Lorenzo has slightly better race pace, but the difference is perhaps just one or two tenths, far from insurmountable. Lorenzo’s shoulder is strong enough to withstand a fast lap, but he appeared at the press conference with ice on the injured joint.

The shoulder had not improved from Friday, Lorenzo said, but he was still optimistic it would be strong enough to last the race. If it rained, especially, it would be no problem at all.

Rossi’s best strategy, as laid out above, is to sit behind Lorenzo and let him push a hole in the air, using the slipstream to cut fuel consumption and save the best for last. So we could have 22 laps of a tense procession, until all hell breaks loose.

Depending on how much Lorenzo has asked of his shoulder, you would have to believe that Rossi should be able to come out of that on top. But it does require him to latch on to Lorenzo’s wheel, and not make a mistake in the first few laps, with a full tank and fresh rubber.

Matching Lorenzo’s pace in the first two laps is extremely risky, even for a man with the talent and experience of Rossi.

If it rains, of course, then all bets are off. The weather forecast changes from hour to hour, with the time slot for the MotoGP race being either wet or dry. We won’t know what the weather is like until the red lights actually go out for the start.

Could anyone else spoil the Yamaha party? Marc Márquez was fast, but not fast enough to match the pace of the Movistars. The Ducatis were quick too, but like Márquez, they lacked the outright race pace to stay with the Yamahas.

Bradley Smith showed in FP3 and FP4 that he had outstanding pace, enough to match Márquez and get within shouting distance of the factory Yamahas. But three crashes on Saturday, and two during qualifying destroyed any hope of a decent grid slot.

Still, it had been worth the risk, Smith opined afterwards. He had the front row in his sights on Saturday, but had asked too much of his front tire.

The Ducatis turned up with another aerodynamic novelty at Motegi, both Andrea Iannone and Andrea Dovizioso trying bikes with a second pair of wings on the fairing.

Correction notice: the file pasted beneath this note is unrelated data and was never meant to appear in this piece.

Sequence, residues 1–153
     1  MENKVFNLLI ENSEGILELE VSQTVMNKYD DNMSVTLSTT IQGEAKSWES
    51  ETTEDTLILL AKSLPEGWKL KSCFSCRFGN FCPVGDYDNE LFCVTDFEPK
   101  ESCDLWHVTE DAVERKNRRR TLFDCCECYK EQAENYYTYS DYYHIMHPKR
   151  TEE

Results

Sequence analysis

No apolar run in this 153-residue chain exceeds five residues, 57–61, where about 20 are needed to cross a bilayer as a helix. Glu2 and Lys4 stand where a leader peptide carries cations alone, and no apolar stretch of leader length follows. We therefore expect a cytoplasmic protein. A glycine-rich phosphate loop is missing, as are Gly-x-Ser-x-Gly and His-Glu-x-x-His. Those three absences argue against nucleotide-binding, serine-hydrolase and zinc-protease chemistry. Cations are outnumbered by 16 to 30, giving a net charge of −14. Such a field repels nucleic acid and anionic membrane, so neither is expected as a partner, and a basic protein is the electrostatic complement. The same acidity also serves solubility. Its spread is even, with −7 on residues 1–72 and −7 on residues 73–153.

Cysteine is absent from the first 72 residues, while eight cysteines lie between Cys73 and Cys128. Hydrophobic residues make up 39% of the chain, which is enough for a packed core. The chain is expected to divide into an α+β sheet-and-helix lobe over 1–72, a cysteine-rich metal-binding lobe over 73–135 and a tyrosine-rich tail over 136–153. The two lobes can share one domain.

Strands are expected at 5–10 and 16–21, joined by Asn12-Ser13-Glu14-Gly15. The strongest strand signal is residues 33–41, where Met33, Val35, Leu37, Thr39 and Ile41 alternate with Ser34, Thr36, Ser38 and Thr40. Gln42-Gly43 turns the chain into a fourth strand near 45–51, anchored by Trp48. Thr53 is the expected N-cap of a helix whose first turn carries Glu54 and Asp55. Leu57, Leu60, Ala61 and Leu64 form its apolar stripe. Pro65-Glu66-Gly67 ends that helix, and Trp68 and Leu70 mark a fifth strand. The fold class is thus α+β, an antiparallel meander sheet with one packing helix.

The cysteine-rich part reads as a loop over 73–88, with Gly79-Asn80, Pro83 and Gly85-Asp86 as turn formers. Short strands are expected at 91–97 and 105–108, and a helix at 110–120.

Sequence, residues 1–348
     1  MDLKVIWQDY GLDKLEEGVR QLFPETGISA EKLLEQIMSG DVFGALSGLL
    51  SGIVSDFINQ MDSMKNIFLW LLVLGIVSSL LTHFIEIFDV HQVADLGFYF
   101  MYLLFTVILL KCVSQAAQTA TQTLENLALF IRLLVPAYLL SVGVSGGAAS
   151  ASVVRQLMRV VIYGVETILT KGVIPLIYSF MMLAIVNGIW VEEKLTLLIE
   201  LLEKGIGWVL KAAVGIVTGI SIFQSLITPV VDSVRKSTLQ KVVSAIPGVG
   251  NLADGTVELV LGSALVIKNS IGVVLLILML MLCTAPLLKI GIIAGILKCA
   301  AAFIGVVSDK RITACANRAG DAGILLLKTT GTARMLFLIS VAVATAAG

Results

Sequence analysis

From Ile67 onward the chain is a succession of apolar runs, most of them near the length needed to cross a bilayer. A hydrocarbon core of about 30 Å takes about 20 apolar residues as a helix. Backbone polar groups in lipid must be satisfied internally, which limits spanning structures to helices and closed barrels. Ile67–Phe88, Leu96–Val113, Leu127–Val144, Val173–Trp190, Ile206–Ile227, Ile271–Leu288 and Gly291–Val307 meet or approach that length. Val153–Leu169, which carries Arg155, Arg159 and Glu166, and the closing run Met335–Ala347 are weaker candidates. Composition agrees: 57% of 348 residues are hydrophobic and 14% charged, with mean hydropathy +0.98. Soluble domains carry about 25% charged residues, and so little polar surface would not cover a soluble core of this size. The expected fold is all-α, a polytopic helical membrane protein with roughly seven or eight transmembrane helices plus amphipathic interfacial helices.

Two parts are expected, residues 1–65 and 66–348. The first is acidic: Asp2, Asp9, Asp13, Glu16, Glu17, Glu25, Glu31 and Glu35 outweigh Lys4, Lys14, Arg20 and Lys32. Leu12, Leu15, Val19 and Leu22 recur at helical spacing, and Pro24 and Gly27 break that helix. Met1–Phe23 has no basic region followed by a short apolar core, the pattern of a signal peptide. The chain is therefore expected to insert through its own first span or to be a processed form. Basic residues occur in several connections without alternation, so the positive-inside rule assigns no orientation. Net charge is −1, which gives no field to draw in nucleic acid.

The second pair graced the nose, roughly in the same position as the Yamaha’s winglets, and were in addition to the existing double-decker winglets which grace the side of the fairing, just in front of the side vents.

The feedback from both Andreas was the same: they couldn’t feel the difference, and so they will use the second pair of winglets in the race. They had nothing to lose, as there were no negatives from the winglets.

The extra winglets were to aid with keeping the front down, Gigi Dall’Igna told Dylan Gray of That stock response makes me wonder if there is a little more to it than Dall’Igna is letting on.

After all, if the winglets help reduce wheelies and stabilize the front wheel at speed, that is a problem the teams don’t have to solve using weight distribution. Not having to compromise as much in terms of geometry may mean that Ducati (and Yamaha) can move a little bit more weight towards the rear, in search of more rear grip on corner exit.

The two bikes with the best drive out of the corner? The Ducati and the Yamaha. Much of that is down to mechanical grip and set up, but having even more cannot hurt.

What of Moto2 and Moto3? Johann Zarco set out his stall in Moto2, determined to win the race despite being freshly crowned 2015 champion. Starting from pole, and with outstanding pace, he will be a hard man to beat. Tom Luthi will chase him hard, the Swiss rider having been quick all weekend. But Zarco remains the man to beat.

In Moto3, the race looks much more interesting. It seems certain that a large group will form, but Niccolo Antonelli has looked quickest all weekend. After a difficult first day, Danny Kent’s pace is much closer to that of Enea Bastianini, which will come as a relief to the championship leader. But the biggest surprise is the pole sitter, Romano Fenati, his first in Grand Prix racing.

Qualifying has been Fenati’s Achilles’ heel. The Italian is blisteringly fast during the race, and often quick in practice, but has been terribly during qualifying.

He has all too often left himself with too much work to do during the race, and though he has brilliantly fought his way forward to the front on many occasions, he has also been lost in the pack just as often. Starting from pole, Fenati will have a chance to show what he is made of.

This article was originally published on MotoMatters, and is republished here on Asphalt & Rubber with permission by the author.